Stretch Marks

My kids call me a crazy church lady, because I actually enjoy attending Sunday services. I need the fresh inspiration, the sense of community, the weekly reboot. I love the music and the liturgy and communion. I am delighted on those increasingly rare days when we have all four boys with us in church, and I am deeply grateful to sit side by side with my husband, in silence, in prayer, in song.

But we don’t go to church on Mother’s Day.

I cannot abide another insipid sermon admonishing a child to admire his mother, citing the pain she endured in childbirth as an obligation for such reverence. I resent the implication that it’s somehow the baby’s fault for all that pain and now – through guilt and other misguided motivation – the baby owes the mom and must make amends. It makes me tense when the minister excludes or discounts step-mothers, foster-mothers, adoptive-mothers, friends, aunts, sisters, grandmothers and many who happen to be female who “mother” children that they didn’t give birth to. I cringe when I recall the ache of women who long to be mothers but aren’t yet, and might never be. Or the weighty grief of mothers who have lost children and pregnancies. I bristle at this inadequate definition of motherhood on behalf of children whose mothers have neglected, abused or abandoned them. And my heart breaks for children whose mothers have died and who feel the loss of her keenly on a certain Sunday in May. I am thinking of two children, in particular.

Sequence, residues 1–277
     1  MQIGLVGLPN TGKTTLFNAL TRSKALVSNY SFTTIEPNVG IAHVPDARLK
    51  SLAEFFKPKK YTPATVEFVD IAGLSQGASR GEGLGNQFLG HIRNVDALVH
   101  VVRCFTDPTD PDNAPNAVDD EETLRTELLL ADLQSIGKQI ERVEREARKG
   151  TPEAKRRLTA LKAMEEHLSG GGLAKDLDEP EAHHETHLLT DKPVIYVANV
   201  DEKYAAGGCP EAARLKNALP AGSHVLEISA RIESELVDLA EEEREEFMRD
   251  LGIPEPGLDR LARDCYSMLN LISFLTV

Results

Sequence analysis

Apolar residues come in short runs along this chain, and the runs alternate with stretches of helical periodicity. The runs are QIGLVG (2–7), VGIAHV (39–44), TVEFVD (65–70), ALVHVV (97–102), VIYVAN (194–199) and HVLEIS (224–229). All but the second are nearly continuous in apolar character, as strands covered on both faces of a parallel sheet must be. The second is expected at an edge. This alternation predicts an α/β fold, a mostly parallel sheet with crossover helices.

I love these boys, I support them the best I can, but I do not believe for a minute that I “replace” their mother. There are days when I so wish I had known the boys as babies and toddlers and little kids, and moments when I desperately wish that their mother could see the young men they have become. Believe me, I am extremely grateful that Debbie gave birth to these two children-who-are-no-longer-children, and I’m especially grateful that she did the laboring for the 10-pound bundle of boy. I call them my sons, not because I gave birth to them, but because we have our own relationship.